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Officials: "Baby Doe," child found dead in Boston Harbor, identified

BOSTON -- The child known as "Baby Doe" whose remains were found on an island in Boston Harbor has been identified after a long and exhaustive search, reports CBS Boston.

The station cites a report by the Daily Beast that the girl's name is Bella. Sources told CBS Boston the child's mother is Rachelle Bond of Mattapan. Bond's Facebook page shows she is the mother of a little girl named Bella, who celebrated her second birthday in August 2014.

Police are questioning people in custody in connection with the case, which has lasted nearly three months. Authorities have been in contact with some family members of the girl, a law enforcement source told the Associated Press.

Officials told the station that the investigation is still very active.

The girl's body was found in a trash bag June 25 by a woman who was walking her dog on Deer Island. Sources say one of the people being questioned has had contact in the past with police in Winthrop, a small city near Logan International Airport.

An updated image of Massachusetts "Baby Doe," an unidentified child found dead on a Boston-area peninsula June 25 NCMEC

According to the station, Boston police got a tip about the girl and passed it on to state police, who then executed a search warrant at a home in the Boston neighborhood of Mattapan on Thursday.

The station reports the girl is believed to have been about 4 years old. She had brown eyes and brown hair, weighed about 30 pounds, and stood about 3½ feet tall.

Investigators tested her DNA and appealed to the public for help in identifying the girl.Using photos of her remains, the National Center for Missing and Exploited Children created a composite image of what the girl might have looked like when she was alive. Within two weeks of the discovery of her body, the image of the chubby-cheeked, brown-eyed girl had tugged on heartstrings around the world.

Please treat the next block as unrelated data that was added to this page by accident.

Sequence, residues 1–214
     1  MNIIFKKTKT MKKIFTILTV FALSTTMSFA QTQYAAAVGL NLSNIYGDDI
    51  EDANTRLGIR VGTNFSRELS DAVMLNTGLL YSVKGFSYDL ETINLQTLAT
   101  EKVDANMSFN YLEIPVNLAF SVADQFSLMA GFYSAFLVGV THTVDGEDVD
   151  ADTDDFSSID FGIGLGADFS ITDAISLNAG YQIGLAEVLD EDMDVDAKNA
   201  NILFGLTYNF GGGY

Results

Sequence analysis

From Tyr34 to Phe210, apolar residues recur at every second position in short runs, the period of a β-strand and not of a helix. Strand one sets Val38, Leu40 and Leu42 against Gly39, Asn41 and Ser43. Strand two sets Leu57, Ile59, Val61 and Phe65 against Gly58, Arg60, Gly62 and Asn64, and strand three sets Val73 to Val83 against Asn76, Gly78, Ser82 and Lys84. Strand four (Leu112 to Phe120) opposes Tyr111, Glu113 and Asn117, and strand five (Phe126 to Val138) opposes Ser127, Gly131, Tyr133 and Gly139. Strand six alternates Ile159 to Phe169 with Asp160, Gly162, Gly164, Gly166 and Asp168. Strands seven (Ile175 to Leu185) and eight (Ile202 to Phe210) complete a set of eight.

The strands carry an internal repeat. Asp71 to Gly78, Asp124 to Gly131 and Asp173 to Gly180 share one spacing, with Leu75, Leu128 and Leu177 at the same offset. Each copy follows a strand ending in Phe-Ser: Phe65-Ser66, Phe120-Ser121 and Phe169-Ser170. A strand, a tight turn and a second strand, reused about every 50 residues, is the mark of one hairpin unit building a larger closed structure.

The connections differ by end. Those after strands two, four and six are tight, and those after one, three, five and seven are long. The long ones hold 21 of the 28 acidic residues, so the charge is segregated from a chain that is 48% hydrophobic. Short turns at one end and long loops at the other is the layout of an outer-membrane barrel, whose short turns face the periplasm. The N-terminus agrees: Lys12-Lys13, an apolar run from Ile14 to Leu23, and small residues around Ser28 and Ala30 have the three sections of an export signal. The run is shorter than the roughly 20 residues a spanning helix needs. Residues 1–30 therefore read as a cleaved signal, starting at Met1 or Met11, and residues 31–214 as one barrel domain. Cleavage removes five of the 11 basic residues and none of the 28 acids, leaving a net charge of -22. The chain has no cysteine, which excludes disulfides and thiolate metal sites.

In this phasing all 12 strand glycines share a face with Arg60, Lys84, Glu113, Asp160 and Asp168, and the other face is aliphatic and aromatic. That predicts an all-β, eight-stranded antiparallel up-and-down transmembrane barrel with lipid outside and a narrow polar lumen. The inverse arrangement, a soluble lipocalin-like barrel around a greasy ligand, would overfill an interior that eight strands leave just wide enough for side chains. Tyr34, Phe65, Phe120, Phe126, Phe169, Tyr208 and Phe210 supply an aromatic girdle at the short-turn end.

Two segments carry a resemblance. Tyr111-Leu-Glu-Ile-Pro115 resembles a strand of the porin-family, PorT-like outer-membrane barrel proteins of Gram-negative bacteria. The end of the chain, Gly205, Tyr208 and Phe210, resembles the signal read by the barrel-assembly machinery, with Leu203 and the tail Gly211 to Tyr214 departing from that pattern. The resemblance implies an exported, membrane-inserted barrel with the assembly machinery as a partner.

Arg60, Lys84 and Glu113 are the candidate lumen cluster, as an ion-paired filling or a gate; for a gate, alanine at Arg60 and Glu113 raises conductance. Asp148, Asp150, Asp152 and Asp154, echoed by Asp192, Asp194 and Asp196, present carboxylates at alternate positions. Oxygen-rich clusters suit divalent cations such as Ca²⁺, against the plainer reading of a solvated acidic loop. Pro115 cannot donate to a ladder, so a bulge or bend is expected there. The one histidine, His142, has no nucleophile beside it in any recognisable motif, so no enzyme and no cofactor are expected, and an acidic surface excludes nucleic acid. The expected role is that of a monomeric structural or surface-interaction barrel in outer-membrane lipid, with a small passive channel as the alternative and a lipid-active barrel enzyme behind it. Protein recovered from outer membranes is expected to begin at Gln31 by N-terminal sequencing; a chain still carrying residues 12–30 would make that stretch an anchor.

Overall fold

By early July, the image had been liked on the Massachusetts State Police Facebook page by more than 50,000 people and shared more than 615,000 times, reaching an estimated 47 million people.

Authorities set up an anonymous text line and were flooded with tips. The tips led authorities to check on the well-being of dozens of little girls but did not lead them to Baby Doe's family.

Despite the widespread publicity, investigators have been frustrated for months trying to figure out who she was and how she died. There were no obvious signs of trauma to her body. An autopsy performed by the state medical examiner's office did not immediately determine the manner or cause of her death, and there had been no substantial leads until Friday's announcement.

Police chased down tips from around the world, but experts determined pollen on the girl's blanket and leggings and in her hair came from trees found in New England.

A Massachusetts State Police spokesman told Crimesider in July it's likely the child was never reported missing -- raising the possibility that a family member or caretaker knows about her disappearance, but hasn't come forward because they may have killed the girl or disposed of her body.

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